Much has been made of a potential slowdown in the market for enterprise technology. So when I recently had the opportunity to talk with the chief customer officer of Celonis, a supplier of execution management software to very large enterprises, I wanted to get the mood of that company’s customer base.
Turns out, customers are moving ahead aggressively, at least when it comes to deploying Celonis software, according to Malhar Kamdar, Celonis’ chief customer officer.
Asked whether customers are slowing down, or otherwise changing, their investment and rollout plans for enterprise projects involving Celonis, Kamdar says the opposite is happening: They have an increased sense of urgency around deploying the software. Why is that?
Companies whose core applications (think ERP and CRM) might be aging, or at least ripe for a refresh, are not looking to swap those out at this time due to cost, complexity, and economic factors.
But they still need to respond to supply chain problems, inflation, and other pressures. Adopting an add-on that delivers additional insights and value on top of their ERP systems is easier than an ERP changeover. “They want to outrun new crises not by changing, but by putting a layer on top to improve performance,” Kamdar told me. Celonis’ execution management is that layer on top.
Kamdar’s comments align in broad terms with comments made by Oracle EVP, Industries Mike Sicilia at his Cloud Wars Expo keynote last week. Sicilia said he sees customers continuing to embrace cloud software that delivers strategic value, such as enabling a business to scale up and scale down flexibly as demand fluctuates.
“Pre-Covid, there was some hesitation to move stuff to the cloud. That’s all gone. Now it’s ‘how fast can I get there’?” Sicilia added there won’t be a strong willingness among enterprise customers to spend on “old stuff.”
Because Celonis’ software is “horizontal” – sitting atop various applications and systems — and not focused on delivering core functionality as an ERP system does, its sole focus is on improving functions in a measurable way. A big focus area for Kamdar and his team, in fact, is to define and quantify that value for customers. “Metrics is at the heart of what we do with clients,” he says.
“We sit with the client and say look at these use cases and processes and agree how much value is tracked into your systems, then realize that value and track it. It could be top-line cash, bottom line savings, efficiency gains, or reduced carbon emissions,” Kamdar says.
Customers “want to outrun new crises not by changing but by putting a layer on top to improve performance.”Malhar Kamdar, chief customer officer, Celonis
A case in point is a recently announced customer use case from Siemens, the Munich-based industrial giant with more than 60 billion euros in revenue and close to 400,000 employees. A long-time Celonis customer, Siemens applied the software to its order-to-cash process. The company was able to increase its rate of automation in that process by 24%, reduce rework by 11% globally, and eliminate 10 million manual ‘touches’ per year in that process.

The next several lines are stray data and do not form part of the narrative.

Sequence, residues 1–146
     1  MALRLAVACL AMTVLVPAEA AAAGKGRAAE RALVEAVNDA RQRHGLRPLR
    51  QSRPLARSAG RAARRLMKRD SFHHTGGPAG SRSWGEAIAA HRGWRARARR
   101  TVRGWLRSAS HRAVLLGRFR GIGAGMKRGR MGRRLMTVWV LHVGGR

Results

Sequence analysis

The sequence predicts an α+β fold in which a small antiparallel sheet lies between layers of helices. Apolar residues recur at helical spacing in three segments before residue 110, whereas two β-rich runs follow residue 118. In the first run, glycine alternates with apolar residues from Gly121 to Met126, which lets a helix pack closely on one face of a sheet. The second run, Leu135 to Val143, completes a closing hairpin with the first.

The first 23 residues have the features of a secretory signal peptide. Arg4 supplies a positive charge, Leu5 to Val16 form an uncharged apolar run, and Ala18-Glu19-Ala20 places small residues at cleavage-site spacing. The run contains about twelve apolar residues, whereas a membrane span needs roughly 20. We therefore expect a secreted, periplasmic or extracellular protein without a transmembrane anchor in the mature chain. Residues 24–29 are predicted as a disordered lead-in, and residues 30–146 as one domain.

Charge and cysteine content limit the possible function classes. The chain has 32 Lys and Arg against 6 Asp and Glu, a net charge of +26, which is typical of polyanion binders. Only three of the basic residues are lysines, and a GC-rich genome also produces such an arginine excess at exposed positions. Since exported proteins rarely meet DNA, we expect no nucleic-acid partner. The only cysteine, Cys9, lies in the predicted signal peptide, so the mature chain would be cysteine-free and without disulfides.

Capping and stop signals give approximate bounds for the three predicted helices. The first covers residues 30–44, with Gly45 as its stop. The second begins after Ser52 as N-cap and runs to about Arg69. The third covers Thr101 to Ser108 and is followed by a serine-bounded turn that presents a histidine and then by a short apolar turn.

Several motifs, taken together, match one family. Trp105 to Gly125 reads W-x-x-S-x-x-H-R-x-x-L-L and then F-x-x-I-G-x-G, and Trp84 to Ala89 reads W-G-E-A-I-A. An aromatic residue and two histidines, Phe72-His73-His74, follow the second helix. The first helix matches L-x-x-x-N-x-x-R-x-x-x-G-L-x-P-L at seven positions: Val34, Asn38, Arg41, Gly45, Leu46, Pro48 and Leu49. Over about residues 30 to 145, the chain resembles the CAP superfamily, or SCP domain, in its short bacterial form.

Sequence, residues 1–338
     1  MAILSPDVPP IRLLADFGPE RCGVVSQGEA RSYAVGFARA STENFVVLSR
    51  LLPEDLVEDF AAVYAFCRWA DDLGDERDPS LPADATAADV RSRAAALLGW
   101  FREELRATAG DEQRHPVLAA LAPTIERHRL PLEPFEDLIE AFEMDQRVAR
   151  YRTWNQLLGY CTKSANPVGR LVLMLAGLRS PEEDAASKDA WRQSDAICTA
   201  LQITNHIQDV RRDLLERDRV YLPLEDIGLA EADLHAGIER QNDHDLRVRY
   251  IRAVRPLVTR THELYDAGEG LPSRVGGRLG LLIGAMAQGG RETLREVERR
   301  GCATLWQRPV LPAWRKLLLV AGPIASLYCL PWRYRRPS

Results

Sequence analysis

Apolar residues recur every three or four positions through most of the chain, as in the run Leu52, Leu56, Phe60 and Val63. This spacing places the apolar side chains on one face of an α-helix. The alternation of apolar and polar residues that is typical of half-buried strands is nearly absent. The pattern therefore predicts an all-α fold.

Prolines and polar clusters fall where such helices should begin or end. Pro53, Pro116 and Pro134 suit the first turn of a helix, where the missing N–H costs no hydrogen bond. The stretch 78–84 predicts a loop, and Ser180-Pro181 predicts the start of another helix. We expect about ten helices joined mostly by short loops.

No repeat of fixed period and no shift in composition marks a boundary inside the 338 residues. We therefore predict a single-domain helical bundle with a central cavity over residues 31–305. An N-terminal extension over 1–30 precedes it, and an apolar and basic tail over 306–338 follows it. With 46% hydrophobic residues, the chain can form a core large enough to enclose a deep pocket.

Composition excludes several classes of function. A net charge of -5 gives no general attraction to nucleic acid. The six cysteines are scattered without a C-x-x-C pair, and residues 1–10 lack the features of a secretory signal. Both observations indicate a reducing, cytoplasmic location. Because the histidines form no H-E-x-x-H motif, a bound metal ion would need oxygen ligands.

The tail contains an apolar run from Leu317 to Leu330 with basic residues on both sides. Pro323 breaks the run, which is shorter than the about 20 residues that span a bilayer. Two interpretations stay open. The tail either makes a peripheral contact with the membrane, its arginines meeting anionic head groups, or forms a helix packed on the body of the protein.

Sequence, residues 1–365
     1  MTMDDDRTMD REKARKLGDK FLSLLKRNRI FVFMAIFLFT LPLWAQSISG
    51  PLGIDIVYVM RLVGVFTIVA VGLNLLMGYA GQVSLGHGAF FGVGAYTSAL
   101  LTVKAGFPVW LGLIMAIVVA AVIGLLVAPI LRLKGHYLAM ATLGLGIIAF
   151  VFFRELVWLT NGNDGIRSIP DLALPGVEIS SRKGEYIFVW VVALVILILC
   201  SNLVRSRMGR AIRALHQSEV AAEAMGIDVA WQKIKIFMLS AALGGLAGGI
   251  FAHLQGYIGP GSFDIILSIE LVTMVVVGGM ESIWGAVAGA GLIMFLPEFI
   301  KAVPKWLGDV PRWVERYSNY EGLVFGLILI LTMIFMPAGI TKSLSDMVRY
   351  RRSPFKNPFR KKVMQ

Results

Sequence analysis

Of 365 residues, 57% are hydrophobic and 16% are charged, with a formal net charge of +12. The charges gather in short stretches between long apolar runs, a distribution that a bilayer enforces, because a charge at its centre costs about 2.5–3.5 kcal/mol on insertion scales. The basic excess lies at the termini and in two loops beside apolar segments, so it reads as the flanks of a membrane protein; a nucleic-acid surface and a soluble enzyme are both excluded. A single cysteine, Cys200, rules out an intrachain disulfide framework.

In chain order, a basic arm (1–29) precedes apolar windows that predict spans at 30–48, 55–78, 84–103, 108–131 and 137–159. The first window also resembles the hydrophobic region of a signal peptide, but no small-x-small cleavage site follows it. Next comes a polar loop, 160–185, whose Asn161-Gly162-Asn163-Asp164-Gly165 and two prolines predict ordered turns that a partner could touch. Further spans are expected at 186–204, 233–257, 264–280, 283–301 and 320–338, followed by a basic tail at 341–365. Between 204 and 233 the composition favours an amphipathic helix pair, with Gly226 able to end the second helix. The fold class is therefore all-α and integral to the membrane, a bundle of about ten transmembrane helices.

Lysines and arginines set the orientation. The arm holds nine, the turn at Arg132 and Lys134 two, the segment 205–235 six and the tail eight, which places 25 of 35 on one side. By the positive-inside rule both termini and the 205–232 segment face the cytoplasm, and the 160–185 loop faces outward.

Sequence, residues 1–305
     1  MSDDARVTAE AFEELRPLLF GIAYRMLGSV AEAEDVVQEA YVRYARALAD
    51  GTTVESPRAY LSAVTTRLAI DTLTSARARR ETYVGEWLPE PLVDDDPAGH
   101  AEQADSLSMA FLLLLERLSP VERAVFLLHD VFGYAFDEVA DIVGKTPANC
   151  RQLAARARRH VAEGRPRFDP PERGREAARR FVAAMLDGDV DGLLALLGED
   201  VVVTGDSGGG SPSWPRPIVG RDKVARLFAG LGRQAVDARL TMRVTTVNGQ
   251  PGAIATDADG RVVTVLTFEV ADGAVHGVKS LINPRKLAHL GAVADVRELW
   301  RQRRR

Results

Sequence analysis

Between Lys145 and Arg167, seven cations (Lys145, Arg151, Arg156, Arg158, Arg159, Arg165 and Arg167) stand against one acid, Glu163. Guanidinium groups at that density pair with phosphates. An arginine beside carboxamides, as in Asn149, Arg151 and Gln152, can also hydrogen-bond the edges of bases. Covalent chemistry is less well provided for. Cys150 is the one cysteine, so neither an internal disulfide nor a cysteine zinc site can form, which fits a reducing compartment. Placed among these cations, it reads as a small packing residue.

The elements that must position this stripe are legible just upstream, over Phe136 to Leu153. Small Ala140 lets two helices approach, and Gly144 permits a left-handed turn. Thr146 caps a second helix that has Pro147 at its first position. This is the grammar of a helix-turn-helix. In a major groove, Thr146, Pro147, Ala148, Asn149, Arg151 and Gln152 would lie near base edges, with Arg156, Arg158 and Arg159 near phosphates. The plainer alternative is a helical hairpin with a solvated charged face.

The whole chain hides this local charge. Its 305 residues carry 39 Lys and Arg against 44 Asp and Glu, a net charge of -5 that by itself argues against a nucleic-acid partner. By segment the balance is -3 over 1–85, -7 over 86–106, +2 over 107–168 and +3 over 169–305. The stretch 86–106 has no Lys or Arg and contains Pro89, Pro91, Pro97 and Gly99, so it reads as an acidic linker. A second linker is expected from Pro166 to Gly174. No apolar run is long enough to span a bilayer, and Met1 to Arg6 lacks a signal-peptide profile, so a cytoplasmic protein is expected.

The Siemens team even developed a custom metric, which it calls “digital fit rate,” in this process. Digital fit rate takes the number of manual activities and divides them by the number of sales order items. So the lower the number, the better the performance – eliminating 10 million manual touches was a big step forward.
Kamdar cited other factors that are causing customers to remain resolute in their plans to acquire and deploy Celonis software. The enterprise scale of Celonis’s products – meaning their ability to ingest data from any system or data source – is the top differentiator, he says.
Further, Celonis continues to work with customers on a co-creation basis, and the company’s core products incorporate significant IP from the client engagements that Kamdar’s team leads. Example: a claims management app that was developed along with a customer in the insurance industry and is now available to customers broadly.
The company’s ability to take that IP, from internal or external sources, and deploy it into its products in relatively short order, as compared to the largest platform companies, is also a differentiator, Kamdar says.
Finally, he noted that the people in his organization come from the consulting industry and even end user companies, so they have in-depth understanding of business processes such as procurement, payments, and collections. They’re also able to get the Celonis software implemented, and delivering value, quickly, on the customer’s timetable.
That ability to be nimble, with deep expertise in the customer’s business, is going to be more important than ever if economic conditions continue to tighten and customers have difficult choices to make.